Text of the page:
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Mabl taught me how to become DevOps compliantby@gary.sa.watts
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Mabl taught me how to become DevOps compliant

by Gary WattsOctober 12th, 2018
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The moves sweeping the IT industry are fascinating to watch — DevOps, Site Reliability Engineering, Serverless, NoOps — just the other day I saw a Test tool that you can plug into your CI/CD pipeline, that uses AI and Machine Learning to not just automate, but predictively update tests following updates to your application. It’s the first CI/CD tool that’s introduced itself to me by name “Hi, I’m mabl”. It’s incredible to think where this will all go.
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Photo by Rock’n Roll Monkey on Unsplash

The moves sweeping the IT industry are fascinating to watch — DevOps, Site Reliability Engineering, Serverless, NoOps — just the other day I saw a Test tool that you can plug into your CI/CD pipeline, that uses AI and Machine Learning to not just automate, but predictively update tests following updates to your application. It’s the first CI/CD tool that’s introduced itself to me by name “Hi, I’m mabl”. It’s incredible to think where this will all go.

So as a modern IT organisation, where do you go with all this. My perspective of the IT industry is changing by the day, but what I’m sure of is the pace will get faster, and we’ll see greater disruption to old roles and responsibilities. From my vantage point every business is a software business. If you think you’re an Insurance business, you’re probably wrong, if you think you’re a Retail business, probably wrong again. In the digital world, unless your business supports Social (media), Mobile, Analytics and Cloud — a much better use of SMAC than the Prodigy — then you’re either at grave risk from the competition (you may not even know who they are), or are an increasingly rare business that can cope without, maybe a cornershop.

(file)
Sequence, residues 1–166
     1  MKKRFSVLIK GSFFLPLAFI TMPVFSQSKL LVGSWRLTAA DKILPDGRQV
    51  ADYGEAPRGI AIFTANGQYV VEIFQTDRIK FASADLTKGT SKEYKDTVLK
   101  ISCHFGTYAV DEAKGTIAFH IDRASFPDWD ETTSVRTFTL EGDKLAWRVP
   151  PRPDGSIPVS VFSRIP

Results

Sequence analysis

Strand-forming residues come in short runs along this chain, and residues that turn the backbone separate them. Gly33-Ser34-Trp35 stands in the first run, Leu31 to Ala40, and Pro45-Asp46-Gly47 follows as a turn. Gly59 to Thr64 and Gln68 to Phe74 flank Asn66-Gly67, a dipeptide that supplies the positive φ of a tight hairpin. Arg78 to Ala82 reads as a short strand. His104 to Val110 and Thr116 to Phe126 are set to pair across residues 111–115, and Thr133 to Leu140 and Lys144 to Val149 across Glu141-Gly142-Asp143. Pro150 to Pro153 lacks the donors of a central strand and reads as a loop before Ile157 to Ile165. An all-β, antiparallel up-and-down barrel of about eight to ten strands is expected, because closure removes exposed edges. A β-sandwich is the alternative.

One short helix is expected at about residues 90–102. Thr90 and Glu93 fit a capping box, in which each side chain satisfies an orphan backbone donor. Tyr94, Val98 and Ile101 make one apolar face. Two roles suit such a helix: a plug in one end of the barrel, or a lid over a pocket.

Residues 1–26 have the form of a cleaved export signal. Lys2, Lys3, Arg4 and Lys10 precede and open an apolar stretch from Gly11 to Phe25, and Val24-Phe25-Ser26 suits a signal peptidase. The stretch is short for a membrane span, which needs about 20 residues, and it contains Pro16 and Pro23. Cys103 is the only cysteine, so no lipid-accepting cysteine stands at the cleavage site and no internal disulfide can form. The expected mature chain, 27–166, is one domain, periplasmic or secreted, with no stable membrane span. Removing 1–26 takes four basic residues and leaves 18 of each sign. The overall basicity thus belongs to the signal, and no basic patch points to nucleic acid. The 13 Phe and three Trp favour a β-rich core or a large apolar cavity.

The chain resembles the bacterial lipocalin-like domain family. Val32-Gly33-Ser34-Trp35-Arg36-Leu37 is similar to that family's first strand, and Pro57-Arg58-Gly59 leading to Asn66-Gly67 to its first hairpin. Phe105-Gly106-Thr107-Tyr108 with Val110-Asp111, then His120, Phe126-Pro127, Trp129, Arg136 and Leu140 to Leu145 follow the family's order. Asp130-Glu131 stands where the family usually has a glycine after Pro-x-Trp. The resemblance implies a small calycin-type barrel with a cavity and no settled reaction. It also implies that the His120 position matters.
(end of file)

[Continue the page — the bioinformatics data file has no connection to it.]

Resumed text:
Back to this “DevOps” thing. The most amusing story I heard was that of the dev team on one side, wanting to build cool things as fast as they can, hating that ops team over there that slow things down and make things difficult — and an ops team on the other side, wanting to keep things running, limiting change as that’s the biggest cause of failure, and hating that dev team over there that take unnecessary risks.

Photo by Isaac Quick on Unsplash

Obviously this was a fictitious organisation, but the wall is well known, and it needs to come down. But in doing so, before you arrive at harmonious practices operating in DevOps unison, you have roles coming together who may mistrust or underappreciate each other, and if not careful you can start a war.

To become DevOps compliant, you need to recognise this is the biggest culture change in IT since ITIL in the noughties and Agile in the teens. As IT approaches its Twenties (we’ll ignore the 20th century for a minute, sorry Digital Equipment Corporation), managing across the wall is replaced by removing the wall. Once you get your head round that you can install mabl.

Gary Watts

https://www.mabl.com

Disclaimer: this article is in no way affiliated with mabl — but I do like robots.

For more from me follow me at https://hackernoon.com/@gary.sa.watts